More about Pat Speer than you probably want to know
At left: a recent photo of me smooching on my girlfriend in Joshua Tree National Park..
The photo below was taken in December, 1988, and depicts a typical holiday celebration at my former place of employment. The employees would find an abandoned car in the neighborhood, smash it to pieces, and then forklift it out to the street to be towed away. Good fun. That's me in black. The madman on top? That's Mike Inez, who would go on to play bass for Ozzie Osbourne, Alice in Chains, and Heart.
Alligator Boy was written when I was in my early 20s. I was feeling isolated and was fairly angry at the world. Somewhere along the line I'd read about circus freaks, and was appalled to find that people with bad skin conditions were once put on display and billed "Alligator Girl," "Alligator Man", etc. I tried to understand how this might feel. I brought the poem into an advanced level college course just to see what the response would be. Well, the girl assigned to explicate the poem didn't quite get it. Which is what I expected. But after she spoke another woman chimed in and told the class my poem had deeply affected her, and that she had spent her whole week-end crying as a result. This unnerved me a bit. It was one thing to be angry at the world, and to try to spin this anger into art, but I couldn't bare to think I was making people sad.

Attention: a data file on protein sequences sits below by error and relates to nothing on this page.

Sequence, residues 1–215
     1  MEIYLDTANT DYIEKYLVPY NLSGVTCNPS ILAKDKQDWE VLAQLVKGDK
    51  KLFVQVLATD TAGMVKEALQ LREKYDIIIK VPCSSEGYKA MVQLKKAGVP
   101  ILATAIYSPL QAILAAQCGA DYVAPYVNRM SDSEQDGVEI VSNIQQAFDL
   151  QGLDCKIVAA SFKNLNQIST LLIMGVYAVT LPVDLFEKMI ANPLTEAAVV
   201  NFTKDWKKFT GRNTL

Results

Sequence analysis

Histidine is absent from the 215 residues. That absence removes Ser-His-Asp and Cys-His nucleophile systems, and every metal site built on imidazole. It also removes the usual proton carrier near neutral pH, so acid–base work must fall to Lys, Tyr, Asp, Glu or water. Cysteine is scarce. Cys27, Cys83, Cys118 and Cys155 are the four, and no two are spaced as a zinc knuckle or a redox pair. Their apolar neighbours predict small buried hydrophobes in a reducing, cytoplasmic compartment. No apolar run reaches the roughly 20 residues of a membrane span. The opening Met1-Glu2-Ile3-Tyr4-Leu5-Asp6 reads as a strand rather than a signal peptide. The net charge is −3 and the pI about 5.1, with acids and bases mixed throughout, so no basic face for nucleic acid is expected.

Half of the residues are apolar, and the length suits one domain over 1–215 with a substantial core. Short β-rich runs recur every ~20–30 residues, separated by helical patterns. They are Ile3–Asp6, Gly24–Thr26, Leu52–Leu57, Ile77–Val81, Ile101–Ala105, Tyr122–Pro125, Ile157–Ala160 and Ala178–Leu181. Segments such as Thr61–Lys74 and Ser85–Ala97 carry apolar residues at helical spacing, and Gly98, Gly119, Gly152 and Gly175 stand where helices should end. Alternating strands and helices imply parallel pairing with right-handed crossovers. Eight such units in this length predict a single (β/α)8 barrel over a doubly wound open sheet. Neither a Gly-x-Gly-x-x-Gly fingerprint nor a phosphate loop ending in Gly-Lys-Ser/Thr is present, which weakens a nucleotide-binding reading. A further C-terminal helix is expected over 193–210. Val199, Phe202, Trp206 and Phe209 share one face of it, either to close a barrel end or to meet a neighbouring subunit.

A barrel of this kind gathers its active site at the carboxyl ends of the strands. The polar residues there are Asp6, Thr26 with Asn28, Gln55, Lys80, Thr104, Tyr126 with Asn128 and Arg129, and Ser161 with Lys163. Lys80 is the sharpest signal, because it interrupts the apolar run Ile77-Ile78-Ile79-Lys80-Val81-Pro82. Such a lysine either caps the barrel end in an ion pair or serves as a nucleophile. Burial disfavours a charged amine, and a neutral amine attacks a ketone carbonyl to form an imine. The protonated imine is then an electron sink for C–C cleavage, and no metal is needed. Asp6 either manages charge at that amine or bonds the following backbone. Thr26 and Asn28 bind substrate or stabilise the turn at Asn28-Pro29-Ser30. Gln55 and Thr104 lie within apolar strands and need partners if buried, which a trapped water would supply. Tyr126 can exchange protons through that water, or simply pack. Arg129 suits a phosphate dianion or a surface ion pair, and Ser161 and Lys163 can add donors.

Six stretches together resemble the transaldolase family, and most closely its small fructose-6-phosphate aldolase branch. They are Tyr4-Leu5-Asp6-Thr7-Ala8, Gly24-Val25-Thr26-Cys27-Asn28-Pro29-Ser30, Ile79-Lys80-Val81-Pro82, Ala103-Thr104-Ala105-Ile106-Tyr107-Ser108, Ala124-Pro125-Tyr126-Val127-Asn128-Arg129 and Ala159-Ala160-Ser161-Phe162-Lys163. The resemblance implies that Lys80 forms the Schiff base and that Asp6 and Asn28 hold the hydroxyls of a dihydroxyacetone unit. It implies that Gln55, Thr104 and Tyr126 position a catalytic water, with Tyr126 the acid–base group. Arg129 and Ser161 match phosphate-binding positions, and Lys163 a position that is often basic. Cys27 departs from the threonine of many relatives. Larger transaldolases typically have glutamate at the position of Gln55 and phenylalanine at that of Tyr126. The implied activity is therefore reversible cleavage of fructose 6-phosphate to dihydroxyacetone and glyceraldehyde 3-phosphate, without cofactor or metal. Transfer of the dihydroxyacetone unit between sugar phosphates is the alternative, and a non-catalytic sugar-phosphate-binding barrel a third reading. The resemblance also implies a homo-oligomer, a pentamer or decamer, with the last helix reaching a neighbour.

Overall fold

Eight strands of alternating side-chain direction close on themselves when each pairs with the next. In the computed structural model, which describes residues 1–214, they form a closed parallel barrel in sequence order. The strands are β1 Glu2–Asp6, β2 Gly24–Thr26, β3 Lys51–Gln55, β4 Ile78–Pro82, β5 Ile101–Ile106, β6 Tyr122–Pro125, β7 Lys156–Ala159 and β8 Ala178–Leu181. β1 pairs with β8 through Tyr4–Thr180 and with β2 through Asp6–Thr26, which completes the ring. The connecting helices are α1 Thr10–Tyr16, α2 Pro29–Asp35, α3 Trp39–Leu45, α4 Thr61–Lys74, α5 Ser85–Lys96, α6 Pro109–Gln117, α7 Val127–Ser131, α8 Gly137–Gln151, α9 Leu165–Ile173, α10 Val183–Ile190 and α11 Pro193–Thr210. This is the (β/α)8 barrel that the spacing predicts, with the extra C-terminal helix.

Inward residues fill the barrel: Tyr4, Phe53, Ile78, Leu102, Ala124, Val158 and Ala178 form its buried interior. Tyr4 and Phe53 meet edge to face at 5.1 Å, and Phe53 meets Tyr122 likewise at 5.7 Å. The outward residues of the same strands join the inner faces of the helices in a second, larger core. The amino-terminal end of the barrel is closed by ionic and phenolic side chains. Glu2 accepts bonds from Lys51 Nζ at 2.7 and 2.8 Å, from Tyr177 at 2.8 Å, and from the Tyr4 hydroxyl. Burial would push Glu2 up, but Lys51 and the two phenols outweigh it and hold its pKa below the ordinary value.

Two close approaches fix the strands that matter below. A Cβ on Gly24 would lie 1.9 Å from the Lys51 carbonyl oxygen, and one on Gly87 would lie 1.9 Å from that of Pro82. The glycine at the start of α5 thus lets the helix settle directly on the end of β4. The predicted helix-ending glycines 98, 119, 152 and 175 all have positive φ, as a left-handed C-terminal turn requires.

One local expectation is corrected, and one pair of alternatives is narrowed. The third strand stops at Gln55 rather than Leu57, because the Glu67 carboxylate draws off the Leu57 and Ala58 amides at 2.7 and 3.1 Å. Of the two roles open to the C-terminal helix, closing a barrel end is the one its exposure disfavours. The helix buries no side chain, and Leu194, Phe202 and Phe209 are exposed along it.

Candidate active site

Spread out among the reptiles,
I slither as I slide.
Don't dare to think me "man."
I'm not the same...
Others are inhuman--
They strike at what they please.
But me I'm damned to display to man
I'm something just "diseased."
Just "diseased"--a curse.
For if it weren't for my disguise I'd show them something
When Bill Clinton was elected in 1992, I, like so many, was hopeful that some real and lasting changes would follow. Within a few years it became clear that my hopes had been misplaced.
"Let's seize the day" our hero cries,
as he slides into the stirrups.
But his horse is sick,
our future's stalled,
The Aftermath was written when I was in my late thirties, shortly after my best friend's six-year old son died from a previously undiagnosed heart ailment. I was surrounded by people who were just crushed, and I slowly came to realize that I, too, had been crushed. I realized that my whole life had been a fruitless attempt at controlling nature. I decided instead to embrace the chaos that is life, quit fighting the mourning, and accept death. I decided to "jump into the river and swim." These words came to me on a long walk. (One can read more about the little boy whose life and death made such an impact here.)
But now I see my mistake:
instead of cutting leaves with scissors,
I oughta cut scissors with leaves,
and leave "leave"
Requiem for the Living was a song that came to me after watching the movie "Iris." It is the last song on my self-produced and home-recorded CD. At one point I received a random email asking me to submit my inspirational poetry into a contest. I submitted the lyrics to "requiem" as a joke, but received a response saying it had been selected for publication and that I could buy the book in which it was published for only 50 bucks!
Requiem for the Living
Stand tall, out in the light
for soon the night descends.
Just sing, and you will write
a song that never ends.
Sing out, and watch your words
spread out across the sky,
upon the wings of birds
whose songs will never die.